quote
JohnBonine

I have attended both Oregon and Denver, and Denver is definitely superior. Oregon's program seemed theory-oriented . . . If theory is what you seek, go to Eugene. If practice and actual problem solving experience is what you want, it's Denver.


I just noticed this, and it contains generalizations that have no support in the facts.

The University of Oregon's environmental program is one of the strongest in the world -- and probably has more intensely practical features than any other (while also having the theoretical components provided by a faculty of authors who both teach and write in environmental law).

The first Environmental Law Clinic in the world was created at the University of Oregon, more than 30 years ago. Students appear in courts and before federal agencies to argue cases on behalf of clients in environmental law. UO law professors established the Western Environmental Law Center (WELC)(http://www.westernlaw.org) to run the Clinic, and WELC has grown to be one of the most active environmental law firms in the United States (with satellite offices also in New Mexico and the mountains of Colorado).

The most famous public interest conference in the world (http://www.pielc.org) started 24 years ago at Oregon and now attracts 2,000 participants over four days each March.

The world's largest and most activist network of environmental lawyers -- the Environmental Law Alliance Worldwide (http:///www.elaw.org) was created by University of Oregon faculty members, is based in Eugene, and takes UO law students as interns who work with more than 200 lawyers in more than 60 countries.

Students from UO's environmental law program take internships and externships in both law firms and federal and state government agencies in Eugene, nearby Salem, and Portland -- as well as all over the United States and world in the summer. Students work on human rights reports and have traveled to United Nations commissions as part of their education.

The University of Denver also has fine teachers and students, who are our friends. So do many other law schools. But for practical (as well as theoretical) education, the University of Oregon is clearly a leader.

<blockquote>I have attended both Oregon and Denver, and Denver is definitely superior. Oregon's program seemed theory-oriented . . . If theory is what you seek, go to Eugene. If practice and actual problem solving experience is what you want, it's Denver. </blockquote>

I just noticed this, and it contains generalizations that have no support in the facts.

The University of Oregon's environmental program is one of the strongest in the world -- and probably has more intensely practical features than any other (while also having the theoretical components provided by a faculty of authors who both teach and write in environmental law).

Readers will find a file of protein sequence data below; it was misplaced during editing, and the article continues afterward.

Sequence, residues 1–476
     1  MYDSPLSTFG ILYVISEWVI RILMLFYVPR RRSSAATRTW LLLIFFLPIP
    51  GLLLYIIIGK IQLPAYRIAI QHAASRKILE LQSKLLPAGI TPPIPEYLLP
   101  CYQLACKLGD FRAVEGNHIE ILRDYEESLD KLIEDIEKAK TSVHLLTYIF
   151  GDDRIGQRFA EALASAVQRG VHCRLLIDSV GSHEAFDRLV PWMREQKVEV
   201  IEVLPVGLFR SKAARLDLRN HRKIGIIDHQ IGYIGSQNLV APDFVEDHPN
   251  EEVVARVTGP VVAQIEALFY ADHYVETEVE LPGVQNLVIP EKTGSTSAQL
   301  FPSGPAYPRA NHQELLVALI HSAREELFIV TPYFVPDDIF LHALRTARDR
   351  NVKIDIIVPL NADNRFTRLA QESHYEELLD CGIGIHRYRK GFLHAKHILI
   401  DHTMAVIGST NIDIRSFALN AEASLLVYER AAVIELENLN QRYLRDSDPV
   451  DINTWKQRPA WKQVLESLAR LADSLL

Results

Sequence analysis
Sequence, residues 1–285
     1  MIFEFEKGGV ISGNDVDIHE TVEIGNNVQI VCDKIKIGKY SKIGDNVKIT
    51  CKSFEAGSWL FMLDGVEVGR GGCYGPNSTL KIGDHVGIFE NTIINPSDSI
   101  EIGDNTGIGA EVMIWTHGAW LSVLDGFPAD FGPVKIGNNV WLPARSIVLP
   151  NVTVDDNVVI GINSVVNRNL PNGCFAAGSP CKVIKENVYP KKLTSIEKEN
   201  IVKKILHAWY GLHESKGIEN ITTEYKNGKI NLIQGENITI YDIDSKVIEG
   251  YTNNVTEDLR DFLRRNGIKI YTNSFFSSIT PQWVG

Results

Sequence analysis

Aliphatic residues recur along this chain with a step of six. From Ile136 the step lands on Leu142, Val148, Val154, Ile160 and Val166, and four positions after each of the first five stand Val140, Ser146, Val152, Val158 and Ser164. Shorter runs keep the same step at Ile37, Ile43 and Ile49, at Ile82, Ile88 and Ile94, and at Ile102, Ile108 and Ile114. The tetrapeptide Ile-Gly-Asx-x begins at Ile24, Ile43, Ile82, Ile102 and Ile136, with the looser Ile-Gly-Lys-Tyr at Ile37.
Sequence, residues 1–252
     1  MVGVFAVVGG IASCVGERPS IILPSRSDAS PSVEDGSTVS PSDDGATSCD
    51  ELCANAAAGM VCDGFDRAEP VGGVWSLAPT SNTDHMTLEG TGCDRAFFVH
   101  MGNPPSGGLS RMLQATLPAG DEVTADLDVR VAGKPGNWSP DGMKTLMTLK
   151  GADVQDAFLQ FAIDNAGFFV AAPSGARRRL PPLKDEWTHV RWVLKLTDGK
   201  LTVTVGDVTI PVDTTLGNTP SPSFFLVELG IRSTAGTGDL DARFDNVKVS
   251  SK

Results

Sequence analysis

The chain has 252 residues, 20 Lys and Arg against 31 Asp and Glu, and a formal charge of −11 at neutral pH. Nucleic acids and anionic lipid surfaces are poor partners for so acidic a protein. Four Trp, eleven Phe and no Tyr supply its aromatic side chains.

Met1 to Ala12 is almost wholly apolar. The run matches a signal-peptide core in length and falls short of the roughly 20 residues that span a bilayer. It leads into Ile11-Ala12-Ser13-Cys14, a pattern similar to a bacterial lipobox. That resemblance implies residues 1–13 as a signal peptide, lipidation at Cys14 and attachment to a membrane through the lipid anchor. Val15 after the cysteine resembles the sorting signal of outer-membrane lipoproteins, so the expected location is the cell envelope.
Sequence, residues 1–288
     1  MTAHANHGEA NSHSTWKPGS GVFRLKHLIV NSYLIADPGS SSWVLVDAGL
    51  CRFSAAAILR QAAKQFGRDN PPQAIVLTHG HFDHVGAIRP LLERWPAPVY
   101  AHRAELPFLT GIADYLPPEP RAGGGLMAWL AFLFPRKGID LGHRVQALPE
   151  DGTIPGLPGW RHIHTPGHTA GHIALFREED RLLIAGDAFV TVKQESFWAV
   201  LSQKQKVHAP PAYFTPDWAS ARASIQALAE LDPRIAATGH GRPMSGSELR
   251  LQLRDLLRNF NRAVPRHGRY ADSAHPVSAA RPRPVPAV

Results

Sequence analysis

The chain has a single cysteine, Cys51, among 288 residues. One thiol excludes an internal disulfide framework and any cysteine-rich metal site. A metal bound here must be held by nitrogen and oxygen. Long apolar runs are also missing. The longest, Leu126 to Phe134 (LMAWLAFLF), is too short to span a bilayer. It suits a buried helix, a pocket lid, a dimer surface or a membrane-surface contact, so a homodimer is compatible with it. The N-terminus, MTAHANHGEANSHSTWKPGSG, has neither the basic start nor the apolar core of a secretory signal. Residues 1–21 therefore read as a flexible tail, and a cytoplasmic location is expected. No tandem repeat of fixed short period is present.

The <i>first Environmental Law Clinic in the world</i> was created at the University of Oregon, more than 30 years ago. Students appear in courts and before federal agencies to argue cases on behalf of clients in environmental law. UO law professors established the Western Environmental Law Center (WELC)(http://www.westernlaw.org) to run the Clinic, and WELC has grown to be one of the most active environmental law firms in the United States (with satellite offices also in New Mexico and the mountains of Colorado).

The <i>most famous public interest conference in the world</i> (http://www.pielc.org) started 24 years ago at Oregon and now attracts 2,000 participants over four days each March.

The <i>world's largest and most activist network of environmental lawyers</i> -- the Environmental Law Alliance Worldwide (http:///www.elaw.org) was created by University of Oregon faculty members, is based in Eugene, and takes UO law students as interns who work with more than 200 lawyers in more than 60 countries.

Students from UO's environmental law program take internships and externships in both law firms and federal and state government agencies in Eugene, nearby Salem, and Portland -- as well as all over the United States and world in the summer. Students work on human rights reports and have traveled to United Nations commissions as part of their education.

The University of Denver also has fine teachers and students, who are our friends. So do many other law schools. But for practical (as well as theoretical) education, the University of Oregon is clearly a leader.
quote
JohnBonine

for practical (as well as theoretical) education, the University of Oregon is clearly a leader.


I should have provided the web link for our LL.M. Program, and given my name:

http://www.law.uoregon.edu/LLM

John E. Bonine
Professor of Law

<blockquote>for practical (as well as theoretical) education, the University of Oregon is clearly a leader.</blockquote>

I should have provided the web link for our LL.M. Program, and given my name:

http://www.law.uoregon.edu/LLM

John E. Bonine
Professor of Law
quote

Just a quick note to say DU and UO both have strong programs. We hope you will also consider Lewis & Clark Law School's LLM in Environmental & Natural Resources Law. Lewis & Clark is located in Portland, Oregon and we offer a comprehensive and nationally-recognized LLM program in both environmental and natural resources issues. For more info, visit law.lclark.edu/dept/elaw or feel free to contact me directly at jweis@lclark.edu
Regards,
Janice Weis
Assistant Dean & Director
Environmental & Natural Resources Law
Lewis & Clark Law School

Just a quick note to say DU and UO both have strong programs. We hope you will also consider Lewis & Clark Law School's LLM in Environmental & Natural Resources Law. Lewis & Clark is located in Portland, Oregon and we offer a comprehensive and nationally-recognized LLM program in both environmental and natural resources issues. For more info, visit law.lclark.edu/dept/elaw or feel free to contact me directly at jweis@lclark.edu
Regards,
Janice Weis
Assistant Dean & Director
Environmental & Natural Resources Law
Lewis & Clark Law School
quote